As anyone who's lived in apartments knows, tenancy there is transient.  She was gone within the year.  We, on the other hand, stayed at the Villa Cordoba until I finished the eighth grade.

None of the music I will play on my show this week is anything I was listening to at age nine.  I liked listening to the radio, to what would later be called "classic rock."  Sometimes I taped it on a random cassette, but it wasn't important to me.  I hadn't discovered the Beatles yet.  I hadn't yet been so alienated from the world that I needed to find far-away voices who sounded like me to speak to me.

But holy shit if I were self-aware there was some awesome music in 1977.  The fact that none of my older siblings noticed or brought it home is a fundamental reason why we were never friends, & don't really communicate with each other in our adult lives.

Thursday, January 10, 2013

This Overwhelming Lickspittle Rag

I know, I haven't posted this week's show, my tribute to my lovely dog, George, yet.  There are perhaps many reasons.

1) I'm lazy.

Well, hell, just come right out & say it why don't you jeez.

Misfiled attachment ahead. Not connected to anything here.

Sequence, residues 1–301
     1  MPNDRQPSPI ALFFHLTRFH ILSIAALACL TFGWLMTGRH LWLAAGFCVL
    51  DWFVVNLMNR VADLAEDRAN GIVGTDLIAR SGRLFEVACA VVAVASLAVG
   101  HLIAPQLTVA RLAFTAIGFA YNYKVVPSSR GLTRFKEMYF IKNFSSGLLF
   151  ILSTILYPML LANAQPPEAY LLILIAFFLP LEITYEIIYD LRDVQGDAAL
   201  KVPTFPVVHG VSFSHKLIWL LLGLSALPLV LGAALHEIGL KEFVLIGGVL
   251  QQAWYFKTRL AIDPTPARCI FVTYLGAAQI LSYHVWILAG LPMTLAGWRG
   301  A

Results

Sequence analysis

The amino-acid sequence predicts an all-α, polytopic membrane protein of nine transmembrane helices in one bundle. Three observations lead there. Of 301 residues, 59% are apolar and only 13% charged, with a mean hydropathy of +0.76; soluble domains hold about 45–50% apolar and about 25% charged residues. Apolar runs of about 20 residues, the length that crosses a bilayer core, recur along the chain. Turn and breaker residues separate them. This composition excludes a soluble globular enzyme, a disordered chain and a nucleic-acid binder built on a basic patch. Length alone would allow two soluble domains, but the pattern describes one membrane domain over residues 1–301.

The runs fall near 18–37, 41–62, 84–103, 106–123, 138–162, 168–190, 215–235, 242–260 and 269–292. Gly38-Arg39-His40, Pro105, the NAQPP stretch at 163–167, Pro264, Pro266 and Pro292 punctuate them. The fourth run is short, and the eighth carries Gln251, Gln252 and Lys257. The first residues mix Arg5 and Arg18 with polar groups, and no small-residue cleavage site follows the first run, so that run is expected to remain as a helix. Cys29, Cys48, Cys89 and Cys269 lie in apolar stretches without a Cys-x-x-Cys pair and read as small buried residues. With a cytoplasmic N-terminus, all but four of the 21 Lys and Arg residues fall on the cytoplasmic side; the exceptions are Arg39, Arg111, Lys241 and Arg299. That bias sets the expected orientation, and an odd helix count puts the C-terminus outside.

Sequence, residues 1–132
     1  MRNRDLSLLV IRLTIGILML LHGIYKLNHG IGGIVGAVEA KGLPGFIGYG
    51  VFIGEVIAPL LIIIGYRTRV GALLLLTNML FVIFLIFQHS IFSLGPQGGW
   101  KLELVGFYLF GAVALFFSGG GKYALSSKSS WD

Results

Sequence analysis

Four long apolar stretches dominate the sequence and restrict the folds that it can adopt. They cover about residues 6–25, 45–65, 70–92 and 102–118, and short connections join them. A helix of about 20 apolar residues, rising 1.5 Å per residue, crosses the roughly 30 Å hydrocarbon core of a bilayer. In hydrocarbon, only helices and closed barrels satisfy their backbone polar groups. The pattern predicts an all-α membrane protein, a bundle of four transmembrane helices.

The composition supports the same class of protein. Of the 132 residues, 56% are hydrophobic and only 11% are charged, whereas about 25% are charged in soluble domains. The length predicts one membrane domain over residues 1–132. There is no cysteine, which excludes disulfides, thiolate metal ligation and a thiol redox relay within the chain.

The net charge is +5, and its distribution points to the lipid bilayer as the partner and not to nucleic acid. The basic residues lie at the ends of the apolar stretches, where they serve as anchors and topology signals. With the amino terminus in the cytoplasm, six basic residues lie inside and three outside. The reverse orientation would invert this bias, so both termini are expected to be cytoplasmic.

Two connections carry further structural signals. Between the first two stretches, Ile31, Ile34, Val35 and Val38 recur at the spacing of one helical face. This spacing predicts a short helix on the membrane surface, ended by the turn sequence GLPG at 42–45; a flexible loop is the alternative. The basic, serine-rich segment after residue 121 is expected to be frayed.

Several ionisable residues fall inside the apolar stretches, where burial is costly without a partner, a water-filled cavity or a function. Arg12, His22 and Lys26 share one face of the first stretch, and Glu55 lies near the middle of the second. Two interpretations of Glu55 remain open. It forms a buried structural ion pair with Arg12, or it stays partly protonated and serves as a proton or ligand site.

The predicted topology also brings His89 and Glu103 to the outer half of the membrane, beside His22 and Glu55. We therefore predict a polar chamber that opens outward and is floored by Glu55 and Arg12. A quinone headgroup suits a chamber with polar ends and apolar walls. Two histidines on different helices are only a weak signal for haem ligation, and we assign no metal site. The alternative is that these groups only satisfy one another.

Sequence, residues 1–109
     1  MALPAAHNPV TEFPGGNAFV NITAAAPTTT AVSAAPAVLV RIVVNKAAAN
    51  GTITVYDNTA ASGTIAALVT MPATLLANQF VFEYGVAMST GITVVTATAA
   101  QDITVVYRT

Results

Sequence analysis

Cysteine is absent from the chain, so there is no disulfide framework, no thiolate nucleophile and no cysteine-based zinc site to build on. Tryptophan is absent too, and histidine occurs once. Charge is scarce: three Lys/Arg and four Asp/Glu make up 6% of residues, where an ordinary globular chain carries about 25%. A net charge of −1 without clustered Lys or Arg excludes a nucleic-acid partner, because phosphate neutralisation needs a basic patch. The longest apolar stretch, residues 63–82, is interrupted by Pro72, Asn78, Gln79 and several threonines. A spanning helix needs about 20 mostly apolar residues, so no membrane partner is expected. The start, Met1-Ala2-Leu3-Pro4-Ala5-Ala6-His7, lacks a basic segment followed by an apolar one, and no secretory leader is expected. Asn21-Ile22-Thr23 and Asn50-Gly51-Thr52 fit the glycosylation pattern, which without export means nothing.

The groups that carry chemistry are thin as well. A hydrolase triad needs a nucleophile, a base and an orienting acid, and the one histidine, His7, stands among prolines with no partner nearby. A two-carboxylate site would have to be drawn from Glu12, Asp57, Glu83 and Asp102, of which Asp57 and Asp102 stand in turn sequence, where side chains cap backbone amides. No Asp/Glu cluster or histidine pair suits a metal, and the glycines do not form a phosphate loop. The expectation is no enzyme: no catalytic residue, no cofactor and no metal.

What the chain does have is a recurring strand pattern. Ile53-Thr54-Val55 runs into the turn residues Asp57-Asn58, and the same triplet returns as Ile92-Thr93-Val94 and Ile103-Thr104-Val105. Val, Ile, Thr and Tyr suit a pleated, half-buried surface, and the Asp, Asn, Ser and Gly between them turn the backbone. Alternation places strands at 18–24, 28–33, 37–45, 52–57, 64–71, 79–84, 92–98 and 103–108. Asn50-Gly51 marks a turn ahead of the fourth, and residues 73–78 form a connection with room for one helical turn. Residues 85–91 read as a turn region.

2) I'm still a little sad from the loss.

Which is true, but it shouldn't keep me from posting a radio show.

3) Aliens drank all my beer!!!!

I'm sorry, I have no idea who I am any more.

4) I have been vaguely busy & haven't found the time.

Yeah, maybe you'll buy that one.

5) I'm waiting for another show because otherwise the website will be lonesome with two shows on it for 2013.

Is that really true or is it...

6) I have to move the front page to a 2012.html file & change all the other pages to reflect that & it's not a lot of work but wah wah wah see # 1 above.

Good grief.

Sunday, January 06, 2013

Whither George's Show?

As I mentioned yesterday, I lost a great friend in my dog George nearly a month ago.  This show is a tribute to him in the usual dumbass Self Help Radio way.  He would have been very bored by it because it didn't involve treats.

George, we like to tell everyone, invented what was called the "pre-treat."  Normally, we'd give the boys a treat after they do something good, like going outside to urinate or defecate instead of goofing around.  But George later in his life had to be cajoled into actually going outside with a treat.  So in effect, he got a treat before he did the thing that got him a treat.  A pre-treat.

His name will go down in Beagle history.

It airs tomorrow from 7 to 9am on 88.1 fm WRFL Lexington, & online at wrfl dot fm.  Later, it will appear at self help radio dot net.  How much later I cannot rightly say.

I will probably cry on the air tomorrow.  My apologies for being such a baby.  But I really loved that dog.